Public health officials are seeing teen tobacco use “go the wrong way,” Merlo said in an interview with CNBC’s Jim Cramer on “Mad Money.” “We’ve got to get our arms around that issue and reverse that trend.”
Research shows that teens who vape are more likely than their peers to turn to cigarettes.
Nearly nine out of 10 cigarette smokers first try cigarette smoking by age 18, and 98% first try smoking by age 26, according to federal health data. The CDC says recent increases in the use of e-cigarettes are driving increases in tobacco product use among youth.
The epidemic among teens also comes as public health officials try to identify a mysterious lung illness linked to vaping. To date, the illness has taken the lives of 37 people and sickened at least 1,888 others across 49 states, Washington, D.C., and the Virgin Islands.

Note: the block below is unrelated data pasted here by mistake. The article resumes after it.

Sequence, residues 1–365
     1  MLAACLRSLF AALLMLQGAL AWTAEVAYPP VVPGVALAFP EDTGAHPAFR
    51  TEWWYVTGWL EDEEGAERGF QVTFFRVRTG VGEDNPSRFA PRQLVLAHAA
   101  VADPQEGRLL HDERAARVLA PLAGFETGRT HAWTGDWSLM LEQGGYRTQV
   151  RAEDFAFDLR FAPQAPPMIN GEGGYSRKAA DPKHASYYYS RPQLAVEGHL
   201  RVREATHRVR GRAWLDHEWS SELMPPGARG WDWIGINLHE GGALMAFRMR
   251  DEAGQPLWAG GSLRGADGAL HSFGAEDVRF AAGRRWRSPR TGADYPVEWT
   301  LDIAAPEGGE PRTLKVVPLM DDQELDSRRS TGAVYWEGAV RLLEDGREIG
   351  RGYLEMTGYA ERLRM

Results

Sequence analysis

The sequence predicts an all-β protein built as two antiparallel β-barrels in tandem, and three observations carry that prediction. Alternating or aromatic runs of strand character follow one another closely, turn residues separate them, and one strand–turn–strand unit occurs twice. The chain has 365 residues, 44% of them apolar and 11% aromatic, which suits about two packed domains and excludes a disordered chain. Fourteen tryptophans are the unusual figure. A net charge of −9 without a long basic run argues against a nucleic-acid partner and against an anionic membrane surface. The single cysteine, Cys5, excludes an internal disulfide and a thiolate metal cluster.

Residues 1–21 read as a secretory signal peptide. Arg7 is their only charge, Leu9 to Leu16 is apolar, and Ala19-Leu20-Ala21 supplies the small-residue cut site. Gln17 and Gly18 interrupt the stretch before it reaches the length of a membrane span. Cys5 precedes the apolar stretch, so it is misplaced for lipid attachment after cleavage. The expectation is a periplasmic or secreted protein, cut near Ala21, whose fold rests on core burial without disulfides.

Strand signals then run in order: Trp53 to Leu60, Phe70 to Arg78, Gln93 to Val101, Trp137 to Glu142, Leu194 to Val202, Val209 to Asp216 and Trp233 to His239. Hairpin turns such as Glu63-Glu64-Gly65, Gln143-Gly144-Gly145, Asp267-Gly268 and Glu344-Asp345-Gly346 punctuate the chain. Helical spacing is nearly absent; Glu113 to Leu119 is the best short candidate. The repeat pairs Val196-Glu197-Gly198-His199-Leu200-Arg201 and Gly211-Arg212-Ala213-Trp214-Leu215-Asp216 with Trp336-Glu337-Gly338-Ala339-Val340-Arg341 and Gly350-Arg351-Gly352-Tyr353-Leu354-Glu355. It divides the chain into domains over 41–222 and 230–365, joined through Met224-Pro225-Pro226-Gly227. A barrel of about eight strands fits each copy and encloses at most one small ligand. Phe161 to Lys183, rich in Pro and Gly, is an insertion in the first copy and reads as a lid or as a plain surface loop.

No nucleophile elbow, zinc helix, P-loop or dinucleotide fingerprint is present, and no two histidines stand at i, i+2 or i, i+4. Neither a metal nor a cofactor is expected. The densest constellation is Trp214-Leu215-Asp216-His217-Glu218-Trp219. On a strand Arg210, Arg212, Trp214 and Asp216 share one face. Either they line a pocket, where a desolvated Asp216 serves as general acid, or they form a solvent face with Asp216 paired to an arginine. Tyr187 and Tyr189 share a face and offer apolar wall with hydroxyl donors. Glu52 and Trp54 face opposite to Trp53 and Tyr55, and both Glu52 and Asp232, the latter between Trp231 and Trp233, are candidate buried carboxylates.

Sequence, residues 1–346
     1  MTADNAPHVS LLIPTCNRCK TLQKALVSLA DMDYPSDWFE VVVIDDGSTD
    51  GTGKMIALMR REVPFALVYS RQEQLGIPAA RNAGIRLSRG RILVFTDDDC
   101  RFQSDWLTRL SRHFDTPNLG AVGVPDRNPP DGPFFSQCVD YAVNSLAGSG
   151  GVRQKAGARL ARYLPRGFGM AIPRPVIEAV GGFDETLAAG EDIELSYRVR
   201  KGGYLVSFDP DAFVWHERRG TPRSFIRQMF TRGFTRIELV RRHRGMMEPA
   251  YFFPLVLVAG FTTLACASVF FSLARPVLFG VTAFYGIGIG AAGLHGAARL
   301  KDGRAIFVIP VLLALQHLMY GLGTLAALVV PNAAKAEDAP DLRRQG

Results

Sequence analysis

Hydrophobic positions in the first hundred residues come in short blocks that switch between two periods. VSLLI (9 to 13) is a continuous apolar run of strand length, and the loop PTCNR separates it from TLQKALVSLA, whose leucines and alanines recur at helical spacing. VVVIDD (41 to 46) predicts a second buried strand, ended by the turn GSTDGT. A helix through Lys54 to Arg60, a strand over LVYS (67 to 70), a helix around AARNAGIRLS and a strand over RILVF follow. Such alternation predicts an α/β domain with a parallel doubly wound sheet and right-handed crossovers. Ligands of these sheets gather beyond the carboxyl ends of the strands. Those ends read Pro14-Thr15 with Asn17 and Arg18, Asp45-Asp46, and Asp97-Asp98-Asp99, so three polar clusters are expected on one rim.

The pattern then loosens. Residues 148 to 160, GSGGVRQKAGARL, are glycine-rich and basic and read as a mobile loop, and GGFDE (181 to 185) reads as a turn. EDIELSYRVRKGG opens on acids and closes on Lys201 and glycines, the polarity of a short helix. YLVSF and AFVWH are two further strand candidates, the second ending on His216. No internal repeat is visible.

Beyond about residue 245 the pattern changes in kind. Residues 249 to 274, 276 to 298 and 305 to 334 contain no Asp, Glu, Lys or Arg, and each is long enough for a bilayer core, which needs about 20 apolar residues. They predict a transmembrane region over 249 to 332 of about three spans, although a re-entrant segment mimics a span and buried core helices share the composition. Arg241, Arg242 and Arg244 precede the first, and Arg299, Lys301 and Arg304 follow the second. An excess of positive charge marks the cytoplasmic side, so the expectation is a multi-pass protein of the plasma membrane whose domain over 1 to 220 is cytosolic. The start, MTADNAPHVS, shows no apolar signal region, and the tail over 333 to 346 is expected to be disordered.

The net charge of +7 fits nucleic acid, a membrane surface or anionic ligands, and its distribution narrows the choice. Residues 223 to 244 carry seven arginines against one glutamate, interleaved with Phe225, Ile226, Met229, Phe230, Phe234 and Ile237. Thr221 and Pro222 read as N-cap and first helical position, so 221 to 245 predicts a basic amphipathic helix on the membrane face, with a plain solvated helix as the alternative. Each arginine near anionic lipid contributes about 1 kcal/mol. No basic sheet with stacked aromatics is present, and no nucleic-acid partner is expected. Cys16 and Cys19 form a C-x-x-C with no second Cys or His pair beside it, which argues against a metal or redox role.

CVS stopped selling tobacco products in 2014.
Merlo told Cramer on Wednesday that 95 million fewer tobacco products were sold across the U.S. in the first year CVS stopped selling them.
“We were really proud of what we saw,” he said.
Shares of the health-care company closed up more than 5% Wednesday to nearly $71 per share, after it reported stronger-than-expected third-quarter earnings. Wednesday’s close represents a roughly 36% increase from its lows in May.
CVS also announced Wednesday that it would be shuttering 22 “underperforming” drugstores early next year. The company has about 9,900 retail locations.
CVS has for years been diversifying its business, including acquiring managed-care provider Aetna for $69 billion, in an attempt to remain an important player in a transforming health-care space.